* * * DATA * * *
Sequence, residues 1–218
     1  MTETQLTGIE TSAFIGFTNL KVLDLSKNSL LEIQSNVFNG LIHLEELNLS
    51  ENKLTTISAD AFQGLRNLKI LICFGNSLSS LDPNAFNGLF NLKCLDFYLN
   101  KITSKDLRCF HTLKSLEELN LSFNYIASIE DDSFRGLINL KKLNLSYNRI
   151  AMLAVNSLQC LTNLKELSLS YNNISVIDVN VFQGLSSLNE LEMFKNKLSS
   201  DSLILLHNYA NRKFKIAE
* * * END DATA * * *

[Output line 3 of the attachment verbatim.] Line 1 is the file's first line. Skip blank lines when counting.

    51  ENKLTTISAD AFQGLRNLKI LICFGNSLSS LDPNAFNGLF NLKCLDFYLN